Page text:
Latin America Round Up. Global Mining Finance 2013
In this article, Paola Rojas, Vice president, Corporate Development of Rojas & Asociados, was interviewed about how global explorers increased budgets (and Tolerance) in risky jurisdictions. See below an excerpt of the article or see the full story here >>
Global Explorers Increased Budgets (and Tolerance) in Risky Jurisdictions
“Argentina must guarantee tax and legal stability in order to attract foreign investment. Recent international currency control has decreased investors’ confidence,” said Paola Rojas, corporate Development Vice President at Rojas & Asociados Mining Consulting Firm, during her opening remarks at the Argentina Mining event in Salta Province last September.
Worried statements like the above are often heard throughout the region, but global explorers seem to think differently and keep pouring the money into risky jurisdictions. According to the SNL Metals Economic Group (SNL-MEG), “He industry showed no sign of backing away from high – or medium – risk jurisdictions; exploration allocations for these destinations accounted for more than half of this year’s total, despite ongoing concerns and uncertainty about security, policy and resource nationalism.”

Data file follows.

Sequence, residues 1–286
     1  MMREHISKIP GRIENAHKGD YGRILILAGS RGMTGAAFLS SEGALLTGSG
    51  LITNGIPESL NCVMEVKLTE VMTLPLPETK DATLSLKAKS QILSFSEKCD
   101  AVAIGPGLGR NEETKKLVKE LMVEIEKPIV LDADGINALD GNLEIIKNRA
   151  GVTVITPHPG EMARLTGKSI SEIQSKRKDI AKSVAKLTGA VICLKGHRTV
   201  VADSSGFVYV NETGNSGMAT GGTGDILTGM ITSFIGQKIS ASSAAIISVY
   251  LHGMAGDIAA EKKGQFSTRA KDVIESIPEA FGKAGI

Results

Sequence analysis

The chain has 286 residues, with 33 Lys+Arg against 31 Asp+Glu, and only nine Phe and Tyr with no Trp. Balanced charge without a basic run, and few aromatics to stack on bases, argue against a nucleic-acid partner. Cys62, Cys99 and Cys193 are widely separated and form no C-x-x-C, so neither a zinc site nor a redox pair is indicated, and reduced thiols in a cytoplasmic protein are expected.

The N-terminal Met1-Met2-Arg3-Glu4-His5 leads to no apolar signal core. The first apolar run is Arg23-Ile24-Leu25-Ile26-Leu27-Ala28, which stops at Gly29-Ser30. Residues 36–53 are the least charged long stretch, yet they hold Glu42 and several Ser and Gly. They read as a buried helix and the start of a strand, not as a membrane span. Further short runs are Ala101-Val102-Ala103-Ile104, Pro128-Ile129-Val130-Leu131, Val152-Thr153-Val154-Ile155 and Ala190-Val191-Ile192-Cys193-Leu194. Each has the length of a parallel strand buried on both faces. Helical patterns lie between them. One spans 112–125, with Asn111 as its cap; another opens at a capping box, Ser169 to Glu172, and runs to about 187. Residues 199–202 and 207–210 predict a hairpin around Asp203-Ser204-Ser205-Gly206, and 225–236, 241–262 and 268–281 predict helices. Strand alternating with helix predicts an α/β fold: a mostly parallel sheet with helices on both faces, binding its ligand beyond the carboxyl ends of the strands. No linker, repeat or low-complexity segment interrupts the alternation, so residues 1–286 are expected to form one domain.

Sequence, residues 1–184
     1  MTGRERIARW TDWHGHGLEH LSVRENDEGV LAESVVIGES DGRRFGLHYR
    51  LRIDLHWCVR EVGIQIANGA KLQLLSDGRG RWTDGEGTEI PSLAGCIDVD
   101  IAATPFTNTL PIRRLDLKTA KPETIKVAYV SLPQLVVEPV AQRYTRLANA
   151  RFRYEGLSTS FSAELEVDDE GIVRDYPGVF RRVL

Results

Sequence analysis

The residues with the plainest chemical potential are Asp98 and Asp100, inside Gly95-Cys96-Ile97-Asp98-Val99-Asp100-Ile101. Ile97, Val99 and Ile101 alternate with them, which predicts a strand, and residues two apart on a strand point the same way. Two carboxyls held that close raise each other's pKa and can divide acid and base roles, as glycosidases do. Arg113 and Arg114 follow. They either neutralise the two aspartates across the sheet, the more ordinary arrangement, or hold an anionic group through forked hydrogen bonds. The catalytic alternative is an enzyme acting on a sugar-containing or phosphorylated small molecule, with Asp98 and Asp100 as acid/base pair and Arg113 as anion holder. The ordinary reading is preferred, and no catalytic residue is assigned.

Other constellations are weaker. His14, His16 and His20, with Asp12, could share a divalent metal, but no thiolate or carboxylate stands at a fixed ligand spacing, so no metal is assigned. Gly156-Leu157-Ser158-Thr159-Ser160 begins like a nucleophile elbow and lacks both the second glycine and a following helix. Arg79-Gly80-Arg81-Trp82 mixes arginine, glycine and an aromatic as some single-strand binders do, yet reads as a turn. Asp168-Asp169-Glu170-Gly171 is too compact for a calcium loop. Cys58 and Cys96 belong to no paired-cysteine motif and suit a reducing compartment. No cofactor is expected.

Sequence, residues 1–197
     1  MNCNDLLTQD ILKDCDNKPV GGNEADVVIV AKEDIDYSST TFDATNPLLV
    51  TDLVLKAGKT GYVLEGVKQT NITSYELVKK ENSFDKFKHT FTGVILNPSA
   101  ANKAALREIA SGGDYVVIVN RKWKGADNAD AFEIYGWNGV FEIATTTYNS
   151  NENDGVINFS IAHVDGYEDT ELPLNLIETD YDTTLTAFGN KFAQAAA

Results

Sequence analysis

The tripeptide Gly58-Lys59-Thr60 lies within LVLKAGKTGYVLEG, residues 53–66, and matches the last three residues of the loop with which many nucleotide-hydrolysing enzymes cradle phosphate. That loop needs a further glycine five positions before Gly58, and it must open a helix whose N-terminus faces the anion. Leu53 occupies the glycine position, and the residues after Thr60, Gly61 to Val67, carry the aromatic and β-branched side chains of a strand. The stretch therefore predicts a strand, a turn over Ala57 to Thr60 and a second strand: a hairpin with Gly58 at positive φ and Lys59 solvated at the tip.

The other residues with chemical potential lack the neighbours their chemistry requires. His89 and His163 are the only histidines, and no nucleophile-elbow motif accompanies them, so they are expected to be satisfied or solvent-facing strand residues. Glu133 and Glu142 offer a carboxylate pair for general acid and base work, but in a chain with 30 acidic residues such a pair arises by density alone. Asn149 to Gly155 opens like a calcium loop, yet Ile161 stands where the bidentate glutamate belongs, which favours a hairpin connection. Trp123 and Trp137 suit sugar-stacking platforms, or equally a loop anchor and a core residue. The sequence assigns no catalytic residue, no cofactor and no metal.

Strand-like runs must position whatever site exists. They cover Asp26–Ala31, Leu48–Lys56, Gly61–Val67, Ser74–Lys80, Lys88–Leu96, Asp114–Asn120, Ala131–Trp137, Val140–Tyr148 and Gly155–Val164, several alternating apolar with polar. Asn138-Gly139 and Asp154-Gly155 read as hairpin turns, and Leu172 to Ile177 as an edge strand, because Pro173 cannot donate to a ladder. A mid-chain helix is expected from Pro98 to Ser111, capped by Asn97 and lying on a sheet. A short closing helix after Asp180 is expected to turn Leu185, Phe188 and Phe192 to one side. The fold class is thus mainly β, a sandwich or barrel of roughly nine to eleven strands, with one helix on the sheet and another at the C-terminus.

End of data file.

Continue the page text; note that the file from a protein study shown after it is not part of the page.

Two Latin American countries ranked among explorers’ sweethearts: Mexico and Chile are listed alongside mature mining jurisdictions such as Canada, Australia and the United States. The duo is also highly ranked in the 2011-2012 Fraser Institute Policy Potential Index (PPI), a survey that analyses the effects on exploration based on government policies.
Chile, which normally ranks in the top 10, fell to 18th place, while Mexico ranked 35th among 93 jurisdictions. Peru, Brazil and Colombia are next, in 53th, 57th and 64th place, respectively.
Sadly, the region is also home to the 10 bottom scorers: Bolivia, Guatemala, Venezuela and Honduras are considered the worst jurisdictions for explorers. According to Venezuela-based Norton Rose lawyer Rubén Eduardo Luján, Latin American countries offering legal and economic stability and open markets are successfully attracting mining investments. Mexico, Peru and Colombia are proof of it, he says. On the other hand, countries with restrictive laws and in which the state is heavily involved in mining activities receive scarce investment.
Glen Faass, also a lawyer at Norton Rose based in Colombia, adds another hook for investors, more tax-efficient structures. The countries where investors can keep a higher percentage of their investments’ revenue include Chile, Colombia, Panama and Peru. He states, “Those more practical and transparent countries also tend to be better aware that the State is not entitled to be a partner in management decisions, just as it is not a partner in risks or losses.”
In 2012, global explorers spent $21.5 billion, 19% higher than 2011. As a group, majors increased their exploration allocations to their highest point in almost a decade. In contrast, juniors spent just slightly more than in 2011. One fact leading to concern is the industry’s favoritism towards more advanced projects, leaving early-stage ones with all-time low exploration budgets.
The SNL-MEG study is based on a survey of 3,500 mining exploration companies in 129 countries, of which more than 2,550 had exploration budgets in 2012.
See the complete article >>